So don’t underestimate those characters that just happen to show up for a brief scene. What if they’ve crossed paths with your hero or villain (or both!) in the past? What if they know more than they’re telling? Think about how their life connects with the other characters’ lives, then see what depth your story has just developed.

#2 – Nothing Should Ever Be As It Seems

“Hoodwinked!” has one major writing advantage to other kids’ movies. Nothing turns out like it seems.

That crazed axe murderer? Not a crazed axe murderer at all. Granny floating through the clouds? Logical explanation. A seemingly random avalanche? Not random at all.

When writing, we should remember that people make assumptions, and those assumptions are usually very wrong. Don’t let your characters figure things out too quickly. Let them assume what they just saw was something completely different than what it actually was. It makes for conflict, and conflict makes for a great story.

#3 – Villains Aren’t Always Cut-And-Dried, Sometimes They’re Cunning

I won’t give the spoiler on this one, but the villain isn’t who you think it is. He’s unassuming. He’s a friend. But, behind the scenes, he’s orchestrating everything to make it look like someone else did it.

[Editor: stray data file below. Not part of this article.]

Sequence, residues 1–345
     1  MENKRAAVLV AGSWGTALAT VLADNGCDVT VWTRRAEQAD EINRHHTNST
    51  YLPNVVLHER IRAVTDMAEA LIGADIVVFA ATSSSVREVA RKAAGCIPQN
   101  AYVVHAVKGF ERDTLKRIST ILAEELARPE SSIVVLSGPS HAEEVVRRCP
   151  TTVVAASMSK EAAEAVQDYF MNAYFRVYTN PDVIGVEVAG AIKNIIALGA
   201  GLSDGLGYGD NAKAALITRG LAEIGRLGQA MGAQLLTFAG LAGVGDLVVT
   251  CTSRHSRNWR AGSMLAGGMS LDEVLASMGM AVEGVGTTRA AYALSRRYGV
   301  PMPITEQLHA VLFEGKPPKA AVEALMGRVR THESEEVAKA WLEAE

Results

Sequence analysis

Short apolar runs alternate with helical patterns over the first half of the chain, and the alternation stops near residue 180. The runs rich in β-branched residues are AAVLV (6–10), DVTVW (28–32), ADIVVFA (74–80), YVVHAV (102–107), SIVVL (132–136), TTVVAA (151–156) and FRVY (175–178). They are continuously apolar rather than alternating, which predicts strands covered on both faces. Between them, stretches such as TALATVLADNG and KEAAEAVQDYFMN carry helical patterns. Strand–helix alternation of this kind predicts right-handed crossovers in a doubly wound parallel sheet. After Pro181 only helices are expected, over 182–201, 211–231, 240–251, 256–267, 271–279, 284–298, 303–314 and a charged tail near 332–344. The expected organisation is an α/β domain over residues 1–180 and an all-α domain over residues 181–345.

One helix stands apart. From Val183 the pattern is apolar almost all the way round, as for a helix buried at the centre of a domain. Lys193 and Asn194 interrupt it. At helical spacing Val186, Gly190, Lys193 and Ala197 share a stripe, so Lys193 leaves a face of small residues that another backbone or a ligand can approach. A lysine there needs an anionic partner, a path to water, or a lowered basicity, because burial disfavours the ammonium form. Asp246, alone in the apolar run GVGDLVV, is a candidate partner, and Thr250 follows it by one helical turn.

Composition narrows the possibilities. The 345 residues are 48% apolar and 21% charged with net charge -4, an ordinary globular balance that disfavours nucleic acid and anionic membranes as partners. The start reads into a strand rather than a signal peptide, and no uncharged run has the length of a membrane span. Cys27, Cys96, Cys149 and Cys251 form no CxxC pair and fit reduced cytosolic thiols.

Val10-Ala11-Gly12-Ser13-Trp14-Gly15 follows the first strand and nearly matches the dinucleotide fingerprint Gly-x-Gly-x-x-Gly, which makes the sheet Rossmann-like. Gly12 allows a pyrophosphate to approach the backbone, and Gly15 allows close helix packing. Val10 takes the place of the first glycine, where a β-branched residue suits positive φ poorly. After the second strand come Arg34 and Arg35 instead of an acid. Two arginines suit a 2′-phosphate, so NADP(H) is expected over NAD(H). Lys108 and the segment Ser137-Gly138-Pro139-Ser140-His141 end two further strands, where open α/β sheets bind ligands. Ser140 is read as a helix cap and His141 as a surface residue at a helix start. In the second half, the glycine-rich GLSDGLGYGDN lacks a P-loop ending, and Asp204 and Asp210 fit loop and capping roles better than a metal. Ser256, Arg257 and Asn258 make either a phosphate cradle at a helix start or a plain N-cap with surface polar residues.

Villains don’t always seek the attention. Sometimes they’re villainous because they DON’T want the attention. They want someone else to take the fall so they can pick up the pieces and make a profit. Think outside the box when it comes to villains. Let them be someone you don’t think a villain normally is. Surprise us by twisting the story around until the REAL villain jumps out and says, “You didn’t see that coming?”

#4 – Keith Is Not A Scary Name

“…And Keith… get a scarier name. Really, who’s going to be afraid of a guy named Keith? ‘Ooh, I’m so scared, it’s… Keith.’ ‘Everybody look out, here comes… Keith’.”

The longer you think about it, the more you realize he’s right. Keith is just not a scary name. Friendly, maybe, and totally hero-sidekick-available. But not scary. Because of this movie I now realize I can never name a villain… Keith. This is a very important lesson, folks. Be sure to give your villain a scary name like Gunter or Nash or Vadislev. Not… Keith.

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Have you seen this movie and will you fangirl with me? BONUS QUESTION: Can you spot the Marvel Cinematic Universe reference in this post?

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Did you like what you read today? Do you have questions, comments, or cat-killing curiosity about something? If so, please either comment on this post or visit the Contact page and drop me a note!

It was good to have you as a visitor today! Please drop by again, or become family by following the Write Knowledge. Thank You!

The Power of Prose

Words are magical.

I mean, think about it. With a simple turn of phrase, we can make people see exactly who, what, or where we want them to. With one carefully placed word, we can turn a sentence from sweet to creepy or vice versa. There isn’t much that our words CAN’T do.